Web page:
The Global Language of Business

A.2 Global Traceability Standard Version 2 Terms

Chain of custody

A time-ordered sequence of parties who take physical custody of an object or collection of objects as it moves through a supply chain network.

Chain of ownership

A time-ordered sequence of parties who take legal possession of an object or collection of objects as it moves through a supply chain network.

Critical Tracking Event (CTE)

A record of completion of a step in the business process in a supply chain, that is critical to record and share, in order to ensure end-to-end traceability.

Key Data Element (KDE)

Those data required to be present in a CTE to accurately represent what occurred in the step of a business process, in order to ensure traceability.

Party

An organisation or individual acting as an entity in a supply chain. Parties may play multiple different roles in the supply chain.

Supply chain

A supply chain is a system of organisations and business processes that are involved in the manufacture, distribution and maintenance of a product or asset.

Supply chain visibility

The awareness of, and control over, specific information related to product orders and physical shipments, including transport and logistics activities and the statuses of events and milestones that occur prior to and in-transit. [Aberdeen Group]

Traceability

Traceability is the ability to trace the history, application or location of an object [ISO 9005:2015]. When considering a product or a service traceability can relate to:

the origin of materials and parts;

the processing history;

the distribution and location of the product or service after delivery.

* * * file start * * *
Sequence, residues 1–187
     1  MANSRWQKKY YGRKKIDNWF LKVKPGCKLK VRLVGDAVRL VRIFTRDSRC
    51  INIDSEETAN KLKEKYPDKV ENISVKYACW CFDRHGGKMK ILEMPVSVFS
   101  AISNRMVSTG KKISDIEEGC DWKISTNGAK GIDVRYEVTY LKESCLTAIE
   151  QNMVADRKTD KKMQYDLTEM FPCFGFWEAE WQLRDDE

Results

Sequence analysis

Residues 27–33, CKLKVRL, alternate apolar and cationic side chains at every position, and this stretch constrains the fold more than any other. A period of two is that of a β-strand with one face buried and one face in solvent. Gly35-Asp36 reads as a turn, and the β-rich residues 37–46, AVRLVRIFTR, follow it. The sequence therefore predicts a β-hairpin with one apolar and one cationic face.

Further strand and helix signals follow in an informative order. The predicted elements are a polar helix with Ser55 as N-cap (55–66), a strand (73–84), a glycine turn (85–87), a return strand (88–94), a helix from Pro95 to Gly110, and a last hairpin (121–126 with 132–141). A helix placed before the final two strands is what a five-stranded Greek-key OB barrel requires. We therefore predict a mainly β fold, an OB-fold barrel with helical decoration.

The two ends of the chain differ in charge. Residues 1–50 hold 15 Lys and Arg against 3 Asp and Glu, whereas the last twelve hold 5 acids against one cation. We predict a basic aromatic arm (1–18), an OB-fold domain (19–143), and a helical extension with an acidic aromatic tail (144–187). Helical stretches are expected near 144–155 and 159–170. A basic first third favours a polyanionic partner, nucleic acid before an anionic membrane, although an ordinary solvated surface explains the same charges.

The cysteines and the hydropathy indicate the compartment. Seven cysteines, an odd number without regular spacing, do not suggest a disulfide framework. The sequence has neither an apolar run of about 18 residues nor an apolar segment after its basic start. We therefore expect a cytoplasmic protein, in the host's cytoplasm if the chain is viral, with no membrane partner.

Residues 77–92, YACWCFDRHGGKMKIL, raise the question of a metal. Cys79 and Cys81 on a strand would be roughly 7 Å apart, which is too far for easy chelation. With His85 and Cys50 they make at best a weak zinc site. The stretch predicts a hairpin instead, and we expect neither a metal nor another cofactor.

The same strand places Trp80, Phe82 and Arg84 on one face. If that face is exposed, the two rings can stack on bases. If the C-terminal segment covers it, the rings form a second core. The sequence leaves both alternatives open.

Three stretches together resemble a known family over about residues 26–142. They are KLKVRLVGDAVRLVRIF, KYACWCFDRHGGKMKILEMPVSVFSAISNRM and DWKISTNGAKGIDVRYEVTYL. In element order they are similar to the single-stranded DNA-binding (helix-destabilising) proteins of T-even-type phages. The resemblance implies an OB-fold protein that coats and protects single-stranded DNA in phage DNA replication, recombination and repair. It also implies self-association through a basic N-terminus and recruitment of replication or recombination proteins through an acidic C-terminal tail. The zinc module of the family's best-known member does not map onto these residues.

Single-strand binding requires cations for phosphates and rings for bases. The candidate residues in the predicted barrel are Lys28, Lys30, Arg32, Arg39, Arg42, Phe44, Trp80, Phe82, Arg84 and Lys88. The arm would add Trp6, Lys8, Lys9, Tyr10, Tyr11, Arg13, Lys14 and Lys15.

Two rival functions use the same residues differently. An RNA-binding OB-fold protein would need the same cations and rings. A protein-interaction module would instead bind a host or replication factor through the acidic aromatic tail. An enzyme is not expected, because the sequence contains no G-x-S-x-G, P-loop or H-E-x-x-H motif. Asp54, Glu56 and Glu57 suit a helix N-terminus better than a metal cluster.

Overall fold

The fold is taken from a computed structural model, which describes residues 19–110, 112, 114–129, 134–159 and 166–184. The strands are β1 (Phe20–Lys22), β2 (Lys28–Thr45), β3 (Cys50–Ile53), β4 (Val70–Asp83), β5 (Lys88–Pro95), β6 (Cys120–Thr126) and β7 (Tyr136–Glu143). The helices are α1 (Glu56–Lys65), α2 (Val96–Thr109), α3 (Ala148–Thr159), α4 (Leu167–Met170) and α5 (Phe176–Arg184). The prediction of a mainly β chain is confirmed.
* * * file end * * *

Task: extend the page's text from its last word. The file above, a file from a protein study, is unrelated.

For practical reasons, “trace” or “track and trace” may be used as equivalent terms to designate the action of ensuring the traceability.

Traceability system

The system used by an individual party to manage traceability in its supply chain(s). A traceability system includes mechanisms for the identification of objects and for the capture of information about observations of those objects over time as they move between locations or participate in various business processes.

Traceability party

A party that has been selected to be in scope of a traceability system. Parties in scope of traceability systems may include those that take custody of traceable objects, those that take ownership of traceable objects, those that inspect traceable objects, those that insure traceable objects, etc. End-customers (including consumers and patients) will often not be treated as traceability parties, since they do not necessarily carry a traceability responsibility and very often remain unknown to the other traceability parties.

Traceability location

A traceability location is a designated physical area that has been selected to be in scope of a traceability system.

Traceable object

A traceable object is a physical or digital object whose supply chain path can and needs to be determined.

Tracing

Tracing is the capability to identify the origin and characteristics or history of a particular traceable object upstream (through earlier observations) based on data recorded at defined points of the supply chain. Trace or Tracing backward or ascending traceability

Tracking

Tracking is the capability to locate or follow the path of a particular traceable object downstream (through later observations) based on data recorded at defined points of the supply chain. Track forward or descending traceability

Transparency

Transparency refers to the need to ensure visibility and access to accurate information across supply chains (inclusive of consumers), including the provision of relevant traceability data to trading partners and consumers in a spirit of openness.

Visibility

Visibility is the ability to know exactly where things are at any point in time, or where they have been, and why.

Visibility event data

Visibility event data are records of the completion of business process steps in which physical or digital entities are handled. [ARCH]

Each visibility event captures what objects participated in the process, when the process took place, where the objects were and will be afterwards, and why (that is, what was the business context in which the process took place).


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